It is recommended that NBs performing opinion assessments on these types of products be able to accommodate the differing existing forms of documentation structure. Clarification of the expected structure for documentation is needed. If major changes are needed to current practice, then industry must have time to adapt.
One proposal is for the 3.2.R module of the MAA common technical document to be the document file submitted to the NB. This would leave the main body of Module 3 for drug substance, drug product and drug-based elements of integration of the device while 3.2.R can capture the device and device-related elements of integration with the drug. With some limited overlap, both reviewers would see the information relevant to them.
An alternative could be for provision of a GSPR checklist with references to the relevant supporting documents. This could be submitted to the NB for an initial consultation before specific documents being requested to support the establishment of safety and performance.
While I’m aware of the fact that certain NBs require or at least encourage the use of specific formats I don’t believe there is a legal basis for it. The technical documentation of a product needs to provide objective evidence that the relevant GSPRs are met, nothing more, nothing less.
Annex II and Annex III of the MDR define the content of a technical documentation for devices to be CE marked. The intro in Annex II says “… shall be presented in a clear, organised, readily searchable and unambiguous manner and shall include in particular the elements listed in this Annex.” It clearly speaks about the content and not the structure!
Being a NB technical documentation reviewer myself and knowing many colleagues, it may be wise to provide a matrix that shows links from the technical documentation to the different elements listed in Annex II to facilitate a speedy review.
The proposal of the authors to use the information in 3.2.R module of the MAA common technical document may work for simple devices (e.g. pre-filled syringes) but for more complex devices (e.g. on-body injectors containing electronics and software) that level of detail will hardly be enough from the NB perspective to perform a thorough assessment as required to issue an opinion.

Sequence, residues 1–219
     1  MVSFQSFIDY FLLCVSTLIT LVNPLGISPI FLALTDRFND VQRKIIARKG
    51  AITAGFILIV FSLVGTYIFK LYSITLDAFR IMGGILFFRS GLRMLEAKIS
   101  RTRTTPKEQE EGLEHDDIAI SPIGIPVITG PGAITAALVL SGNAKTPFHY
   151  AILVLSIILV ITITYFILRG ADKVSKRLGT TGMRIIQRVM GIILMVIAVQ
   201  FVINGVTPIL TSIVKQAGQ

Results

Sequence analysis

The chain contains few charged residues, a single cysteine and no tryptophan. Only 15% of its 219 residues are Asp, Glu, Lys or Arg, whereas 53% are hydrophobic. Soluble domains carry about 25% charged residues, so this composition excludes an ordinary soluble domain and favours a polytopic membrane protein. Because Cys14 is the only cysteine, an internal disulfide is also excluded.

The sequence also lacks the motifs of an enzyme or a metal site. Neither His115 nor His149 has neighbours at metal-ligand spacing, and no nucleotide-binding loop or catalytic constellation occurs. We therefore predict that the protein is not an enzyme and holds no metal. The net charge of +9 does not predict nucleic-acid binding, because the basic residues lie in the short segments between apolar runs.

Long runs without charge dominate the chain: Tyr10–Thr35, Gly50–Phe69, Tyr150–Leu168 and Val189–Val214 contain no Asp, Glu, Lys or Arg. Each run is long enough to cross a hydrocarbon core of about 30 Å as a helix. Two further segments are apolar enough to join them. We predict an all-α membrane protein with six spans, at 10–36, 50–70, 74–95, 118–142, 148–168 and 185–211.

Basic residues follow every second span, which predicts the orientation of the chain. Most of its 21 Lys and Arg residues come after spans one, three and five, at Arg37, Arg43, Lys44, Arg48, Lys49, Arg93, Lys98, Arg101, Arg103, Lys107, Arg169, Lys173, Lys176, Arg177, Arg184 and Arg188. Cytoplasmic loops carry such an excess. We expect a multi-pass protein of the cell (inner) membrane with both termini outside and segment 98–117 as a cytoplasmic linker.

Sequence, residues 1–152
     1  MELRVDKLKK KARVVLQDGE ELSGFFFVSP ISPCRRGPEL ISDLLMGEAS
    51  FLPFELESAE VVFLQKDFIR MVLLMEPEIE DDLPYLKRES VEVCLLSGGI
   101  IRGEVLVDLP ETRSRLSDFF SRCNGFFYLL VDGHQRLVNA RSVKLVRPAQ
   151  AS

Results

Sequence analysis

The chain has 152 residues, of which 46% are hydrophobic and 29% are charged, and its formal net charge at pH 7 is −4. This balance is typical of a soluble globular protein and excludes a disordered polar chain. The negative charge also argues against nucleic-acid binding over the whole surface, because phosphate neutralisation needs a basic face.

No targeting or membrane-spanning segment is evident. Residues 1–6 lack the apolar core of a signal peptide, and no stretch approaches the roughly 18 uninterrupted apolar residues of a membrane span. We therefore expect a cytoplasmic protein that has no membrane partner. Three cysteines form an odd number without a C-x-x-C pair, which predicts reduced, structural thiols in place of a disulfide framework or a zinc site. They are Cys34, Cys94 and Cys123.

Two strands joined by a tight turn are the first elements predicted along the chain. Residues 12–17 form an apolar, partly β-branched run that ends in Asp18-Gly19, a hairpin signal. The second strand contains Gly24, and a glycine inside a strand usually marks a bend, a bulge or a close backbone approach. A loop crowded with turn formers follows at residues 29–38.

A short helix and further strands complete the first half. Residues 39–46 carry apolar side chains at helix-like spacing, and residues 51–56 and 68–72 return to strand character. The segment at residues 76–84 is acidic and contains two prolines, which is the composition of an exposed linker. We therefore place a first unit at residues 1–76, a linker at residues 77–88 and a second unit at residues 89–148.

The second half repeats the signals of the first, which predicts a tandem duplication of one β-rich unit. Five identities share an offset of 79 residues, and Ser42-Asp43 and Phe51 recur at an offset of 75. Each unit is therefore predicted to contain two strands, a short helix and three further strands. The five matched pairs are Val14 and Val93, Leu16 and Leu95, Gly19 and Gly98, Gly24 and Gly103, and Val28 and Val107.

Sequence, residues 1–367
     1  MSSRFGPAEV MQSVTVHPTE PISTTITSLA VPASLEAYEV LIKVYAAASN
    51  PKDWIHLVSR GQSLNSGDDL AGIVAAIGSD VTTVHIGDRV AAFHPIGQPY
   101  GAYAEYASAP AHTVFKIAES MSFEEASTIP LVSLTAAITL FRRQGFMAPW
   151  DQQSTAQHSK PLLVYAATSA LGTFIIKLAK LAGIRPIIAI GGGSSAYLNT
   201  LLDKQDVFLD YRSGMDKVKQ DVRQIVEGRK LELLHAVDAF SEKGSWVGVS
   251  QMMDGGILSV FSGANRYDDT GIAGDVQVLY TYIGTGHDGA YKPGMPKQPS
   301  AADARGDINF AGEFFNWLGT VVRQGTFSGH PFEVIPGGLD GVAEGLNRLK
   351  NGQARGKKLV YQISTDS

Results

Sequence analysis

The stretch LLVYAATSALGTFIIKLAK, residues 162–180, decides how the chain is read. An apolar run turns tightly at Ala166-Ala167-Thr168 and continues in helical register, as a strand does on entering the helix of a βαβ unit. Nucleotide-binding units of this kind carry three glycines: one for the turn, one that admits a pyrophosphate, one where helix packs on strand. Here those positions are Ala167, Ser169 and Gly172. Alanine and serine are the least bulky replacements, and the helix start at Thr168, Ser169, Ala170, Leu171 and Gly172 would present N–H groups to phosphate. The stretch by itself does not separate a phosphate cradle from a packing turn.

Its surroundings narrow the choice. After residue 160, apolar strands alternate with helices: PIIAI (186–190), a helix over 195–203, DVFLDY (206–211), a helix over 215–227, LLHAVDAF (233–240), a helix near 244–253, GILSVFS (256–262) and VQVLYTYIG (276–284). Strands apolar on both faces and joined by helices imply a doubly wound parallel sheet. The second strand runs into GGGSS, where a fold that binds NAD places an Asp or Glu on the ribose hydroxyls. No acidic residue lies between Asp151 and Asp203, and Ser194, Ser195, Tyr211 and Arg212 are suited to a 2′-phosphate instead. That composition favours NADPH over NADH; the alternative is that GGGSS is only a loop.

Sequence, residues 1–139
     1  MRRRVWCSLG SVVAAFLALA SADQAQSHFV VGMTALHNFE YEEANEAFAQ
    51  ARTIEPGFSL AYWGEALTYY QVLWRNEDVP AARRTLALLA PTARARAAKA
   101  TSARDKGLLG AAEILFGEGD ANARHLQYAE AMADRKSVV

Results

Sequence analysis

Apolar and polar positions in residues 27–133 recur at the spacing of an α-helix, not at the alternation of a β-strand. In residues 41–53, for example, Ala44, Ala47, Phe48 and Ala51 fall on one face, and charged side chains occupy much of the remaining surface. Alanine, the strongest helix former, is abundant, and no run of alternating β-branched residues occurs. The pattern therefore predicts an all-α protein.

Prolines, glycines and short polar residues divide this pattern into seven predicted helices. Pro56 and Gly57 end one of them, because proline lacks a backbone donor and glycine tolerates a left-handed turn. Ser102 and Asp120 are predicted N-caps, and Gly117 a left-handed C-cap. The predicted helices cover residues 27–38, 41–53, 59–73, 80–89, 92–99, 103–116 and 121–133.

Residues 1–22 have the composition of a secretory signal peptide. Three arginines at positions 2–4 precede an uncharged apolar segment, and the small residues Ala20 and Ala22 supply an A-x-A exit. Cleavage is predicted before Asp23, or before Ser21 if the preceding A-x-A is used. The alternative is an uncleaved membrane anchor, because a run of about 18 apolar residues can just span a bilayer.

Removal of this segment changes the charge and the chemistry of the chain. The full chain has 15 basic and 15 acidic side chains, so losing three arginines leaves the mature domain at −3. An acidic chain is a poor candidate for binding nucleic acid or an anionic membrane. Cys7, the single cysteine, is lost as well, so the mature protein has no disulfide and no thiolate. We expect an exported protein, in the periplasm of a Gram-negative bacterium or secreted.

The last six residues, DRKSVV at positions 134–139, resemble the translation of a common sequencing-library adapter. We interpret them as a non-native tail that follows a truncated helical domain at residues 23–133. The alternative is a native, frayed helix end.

Review of the product as a system. As the review of constituents is divided and responsibility placed with different parties, there is potential to overlook or duplicate the review of topics related to interactions between the constituents. To illustrate this and the associated challenges, the example of a syringe-based autoinjector is described below.
The syringe must protect and contain the medicinal product formulation, minimise particulates, ensure integrity, maintain sterility and allow visual inspection. Barrel, stopper and tip-cap or needle shield materials and coatings interact directly with the medicinal product formulation. These components ensure integrity through life and would be reviewed by the medicine CA.
The syringe also has device functionality and interfaces with the autoinjector. Attributes such as accurate graduation, appropriate stiction (break-loose force) and friction (gliding force), mechanical strength, would logically be reviewed by the NB.
Needle protrusion length may be a clinical consideration requiring medicine CA review. However, the engineering aspects are more likely to require NB review. Dead volume and gas bubble impact on dose accuracy could also, in principle, be reviewed by either party, but perhaps they would have different focal points in their review.
Integrating the syringe with an autoinjector requires: dimensional compatibility; confirmation that assembly does not breach container closure integrity; controlled force application to the external surfaces of the syringe; capability to overcome stiction and friction forces of the syringe and the resultant injection time influence, etc. Outer body parts may partially cover the needle protrusion, may restrict the visibility of the syringe for inspection. Any restricted piston travel has implications for dose accuracy. Time and storage conditions may influence the performance or even the function. These, again, could be considered by either party, but possibly with different intent.
The responsibility for review of different parts of a system requires clarification for all parties involved.
Given the challenges nicely presented above, clarification is indeed required. While a certain overlap will be difficult to avoid, I’m more concerned that certain aspects may be overlooked and therefore not be covered.
More to follow in Part 6… Keep your eyes open!
Again, I strongly encourage other professionals involved in this field to provide their opinion and start a lively conversation on this platform – the whole industry can only benefit from this!